Ministry: Deaths at Prey Speu Center, but No Negligence

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Meshed bars block the entrance to the Prey Speu center. (Ananth Baliga/VOD)
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The Social Affairs Ministry has confirmed an unspecified number of people dying at the notorious Prey Speu detention center after a local rights group alleged deaths and inadequate care, but a spokesperson denied any negligence or wrongdoing.

Human rights NGO Licadho alleged in early December that at least 10 people had died in July and August at the Prey Speu center in Phnom Penh’s Choam Chao II commune, which is purportedly a vocational training center but has been used to hold the homeless and other groups. Licadho raised questions specifically over two deaths in August of a man and woman who it says were not given adequate care after falling sick, and has called for the center to be closed.

The Social Affairs Ministry sent a team to investigate the claims on December 24, including a ministry spokesperson, two deputy Phnom Penh governors and officials from the Phnom Penh health department, said Toch Channy, the ministry spokesperson.

Channy said last week that part of Licadho’s allegations were true because there had been deaths at the center in July and August. The spokesperson would not clarify how many deaths there were, however, or the circumstances leading to those deaths.

“What Licadho mentioned in their report that people died between July and August is true. But it is not fair to say that the center left them sick without medical treatment as there is a medical team inside the center,” he said.

Channy said the people who had died came to the center with preexisting illnesses and received medical care. He denied Licadho’s allegation that the center ignored these health concerns or did not provide adequate care, including in the case of the alleged deaths of the man and woman.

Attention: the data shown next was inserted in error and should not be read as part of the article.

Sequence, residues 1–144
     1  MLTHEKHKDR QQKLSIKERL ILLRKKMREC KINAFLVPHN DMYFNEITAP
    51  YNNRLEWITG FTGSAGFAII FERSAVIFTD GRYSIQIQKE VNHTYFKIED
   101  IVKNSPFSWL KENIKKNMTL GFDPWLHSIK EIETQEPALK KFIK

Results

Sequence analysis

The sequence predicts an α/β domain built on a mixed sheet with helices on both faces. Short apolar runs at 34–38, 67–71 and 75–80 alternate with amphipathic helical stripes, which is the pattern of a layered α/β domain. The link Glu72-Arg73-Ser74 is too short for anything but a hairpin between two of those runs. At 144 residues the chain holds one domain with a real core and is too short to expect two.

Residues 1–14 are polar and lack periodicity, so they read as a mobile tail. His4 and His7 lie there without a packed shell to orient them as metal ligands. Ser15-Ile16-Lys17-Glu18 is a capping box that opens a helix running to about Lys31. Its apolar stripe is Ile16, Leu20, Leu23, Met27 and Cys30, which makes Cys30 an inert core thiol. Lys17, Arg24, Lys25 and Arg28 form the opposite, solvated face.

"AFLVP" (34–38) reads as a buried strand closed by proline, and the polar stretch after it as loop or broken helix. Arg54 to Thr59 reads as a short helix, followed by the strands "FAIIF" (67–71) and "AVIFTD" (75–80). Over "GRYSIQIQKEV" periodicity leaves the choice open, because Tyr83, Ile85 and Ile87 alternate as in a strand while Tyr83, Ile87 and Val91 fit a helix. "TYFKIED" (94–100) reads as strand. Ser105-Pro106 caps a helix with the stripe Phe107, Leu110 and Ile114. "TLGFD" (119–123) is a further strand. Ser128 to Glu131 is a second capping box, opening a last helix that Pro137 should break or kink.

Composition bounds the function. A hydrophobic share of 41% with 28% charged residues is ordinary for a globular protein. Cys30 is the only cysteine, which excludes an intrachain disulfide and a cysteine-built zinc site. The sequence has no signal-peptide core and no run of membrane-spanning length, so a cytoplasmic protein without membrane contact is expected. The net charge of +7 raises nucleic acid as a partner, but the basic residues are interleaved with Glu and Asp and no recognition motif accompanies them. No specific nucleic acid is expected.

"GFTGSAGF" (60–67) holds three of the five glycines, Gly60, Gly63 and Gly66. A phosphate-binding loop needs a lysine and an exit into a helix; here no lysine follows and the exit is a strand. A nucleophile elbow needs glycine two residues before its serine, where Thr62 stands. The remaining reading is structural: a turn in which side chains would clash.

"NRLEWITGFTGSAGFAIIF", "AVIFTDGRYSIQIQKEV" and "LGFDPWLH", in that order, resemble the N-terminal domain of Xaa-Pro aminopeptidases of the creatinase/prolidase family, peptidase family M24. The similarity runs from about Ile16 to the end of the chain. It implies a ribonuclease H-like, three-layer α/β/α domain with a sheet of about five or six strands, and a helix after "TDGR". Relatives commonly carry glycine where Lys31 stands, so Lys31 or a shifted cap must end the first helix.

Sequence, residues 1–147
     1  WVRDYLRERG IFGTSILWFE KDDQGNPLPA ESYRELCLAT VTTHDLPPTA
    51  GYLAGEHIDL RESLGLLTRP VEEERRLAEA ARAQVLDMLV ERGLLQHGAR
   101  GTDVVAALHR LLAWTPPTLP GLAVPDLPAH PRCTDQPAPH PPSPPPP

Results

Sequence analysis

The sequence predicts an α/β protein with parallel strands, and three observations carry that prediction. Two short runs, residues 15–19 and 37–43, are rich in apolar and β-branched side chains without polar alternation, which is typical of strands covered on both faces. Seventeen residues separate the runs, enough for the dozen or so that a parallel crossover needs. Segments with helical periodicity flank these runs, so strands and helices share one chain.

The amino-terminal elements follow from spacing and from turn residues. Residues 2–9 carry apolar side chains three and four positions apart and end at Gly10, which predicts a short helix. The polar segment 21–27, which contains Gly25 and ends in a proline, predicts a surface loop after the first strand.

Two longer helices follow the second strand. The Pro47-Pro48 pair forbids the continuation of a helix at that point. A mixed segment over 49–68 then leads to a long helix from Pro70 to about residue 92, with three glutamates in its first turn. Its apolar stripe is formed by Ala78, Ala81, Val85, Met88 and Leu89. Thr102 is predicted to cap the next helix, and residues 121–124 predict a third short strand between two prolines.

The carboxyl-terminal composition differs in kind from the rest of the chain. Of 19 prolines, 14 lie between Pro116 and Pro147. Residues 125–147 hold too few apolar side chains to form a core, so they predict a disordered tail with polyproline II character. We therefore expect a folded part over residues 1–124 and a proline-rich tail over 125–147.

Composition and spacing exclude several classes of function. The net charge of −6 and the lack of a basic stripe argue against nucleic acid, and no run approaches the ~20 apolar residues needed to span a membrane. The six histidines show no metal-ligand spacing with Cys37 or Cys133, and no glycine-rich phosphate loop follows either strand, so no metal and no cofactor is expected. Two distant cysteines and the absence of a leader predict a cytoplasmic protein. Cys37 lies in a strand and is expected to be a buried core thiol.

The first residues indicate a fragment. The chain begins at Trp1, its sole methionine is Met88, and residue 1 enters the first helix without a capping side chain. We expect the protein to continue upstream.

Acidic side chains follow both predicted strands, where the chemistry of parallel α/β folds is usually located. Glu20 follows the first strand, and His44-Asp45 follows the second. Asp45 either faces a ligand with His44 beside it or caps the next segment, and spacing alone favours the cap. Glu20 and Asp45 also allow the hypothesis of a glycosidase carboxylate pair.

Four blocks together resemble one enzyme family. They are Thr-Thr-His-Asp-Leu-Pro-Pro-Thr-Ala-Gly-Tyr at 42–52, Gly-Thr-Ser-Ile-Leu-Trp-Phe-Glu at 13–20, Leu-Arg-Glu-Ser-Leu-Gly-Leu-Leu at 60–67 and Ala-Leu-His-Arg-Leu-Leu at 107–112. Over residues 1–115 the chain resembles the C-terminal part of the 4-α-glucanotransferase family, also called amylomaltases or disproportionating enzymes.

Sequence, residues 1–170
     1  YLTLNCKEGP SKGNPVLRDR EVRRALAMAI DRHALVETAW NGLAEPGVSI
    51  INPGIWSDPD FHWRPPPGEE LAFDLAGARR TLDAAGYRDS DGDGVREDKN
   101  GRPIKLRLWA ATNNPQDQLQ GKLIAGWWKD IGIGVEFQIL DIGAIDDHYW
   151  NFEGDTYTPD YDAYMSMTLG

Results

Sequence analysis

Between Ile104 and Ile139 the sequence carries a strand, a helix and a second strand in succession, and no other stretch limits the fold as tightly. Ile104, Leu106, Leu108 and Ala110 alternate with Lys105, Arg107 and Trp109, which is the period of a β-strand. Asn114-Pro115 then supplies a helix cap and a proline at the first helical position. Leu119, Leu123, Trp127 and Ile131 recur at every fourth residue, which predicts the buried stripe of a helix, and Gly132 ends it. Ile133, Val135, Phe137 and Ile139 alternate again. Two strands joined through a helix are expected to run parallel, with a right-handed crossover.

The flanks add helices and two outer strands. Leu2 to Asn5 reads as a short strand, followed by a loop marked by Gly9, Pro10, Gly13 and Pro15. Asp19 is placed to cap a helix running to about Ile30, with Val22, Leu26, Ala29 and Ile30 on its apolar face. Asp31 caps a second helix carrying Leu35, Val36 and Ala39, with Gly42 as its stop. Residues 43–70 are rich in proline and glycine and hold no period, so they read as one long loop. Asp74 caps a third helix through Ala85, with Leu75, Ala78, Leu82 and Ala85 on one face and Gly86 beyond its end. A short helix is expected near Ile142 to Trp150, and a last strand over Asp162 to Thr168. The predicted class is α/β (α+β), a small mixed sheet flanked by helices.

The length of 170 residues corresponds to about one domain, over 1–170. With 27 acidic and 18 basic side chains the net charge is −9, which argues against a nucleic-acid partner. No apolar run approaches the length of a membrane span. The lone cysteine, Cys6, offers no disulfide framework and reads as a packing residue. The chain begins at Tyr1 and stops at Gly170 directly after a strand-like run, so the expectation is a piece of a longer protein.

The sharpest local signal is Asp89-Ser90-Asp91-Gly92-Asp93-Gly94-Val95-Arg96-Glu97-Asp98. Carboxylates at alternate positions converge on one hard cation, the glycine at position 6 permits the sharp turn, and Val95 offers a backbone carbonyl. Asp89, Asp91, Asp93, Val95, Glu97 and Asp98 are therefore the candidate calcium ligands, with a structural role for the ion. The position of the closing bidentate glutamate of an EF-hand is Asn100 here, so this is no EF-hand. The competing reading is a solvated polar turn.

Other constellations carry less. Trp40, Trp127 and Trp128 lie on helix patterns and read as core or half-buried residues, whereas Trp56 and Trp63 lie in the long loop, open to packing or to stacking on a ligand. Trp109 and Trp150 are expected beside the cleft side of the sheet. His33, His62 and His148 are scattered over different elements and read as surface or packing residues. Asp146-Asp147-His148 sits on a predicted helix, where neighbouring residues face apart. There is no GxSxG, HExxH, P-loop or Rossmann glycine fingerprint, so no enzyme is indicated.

“We asked the director and staff working there, but they said there are no people who died recently,” he said, referring to the deaths of the man and woman. “We kept insisting and asked them repeatedly, but they still said no.”

Licadho said its allegations were based on eyewitness accounts. When VOD visited the center in December, three men inside the center, who would not identify themselves, denied any deaths in July and August and refused to allow reporters inside the premises.

Am Sam Ath, who is operations director at the NGO, said the group had enough evidence to support its allegations and reiterated Licadho’s demand that the center should be shut down immediately.

“If there are no changes and it is still being used to illegally detain and physically abuse people, then the government must close down this center,” said Sam Ath.

Prey Speu was shut down in 2012 after a raft of allegations of abuse at the center and reopened a year later, this time christened the Pur Senchey Vocational Training Center. The center is often used for the extrajudicial detention of marginalized and vulnerable groups such as drug users, sex workers and the homeless.

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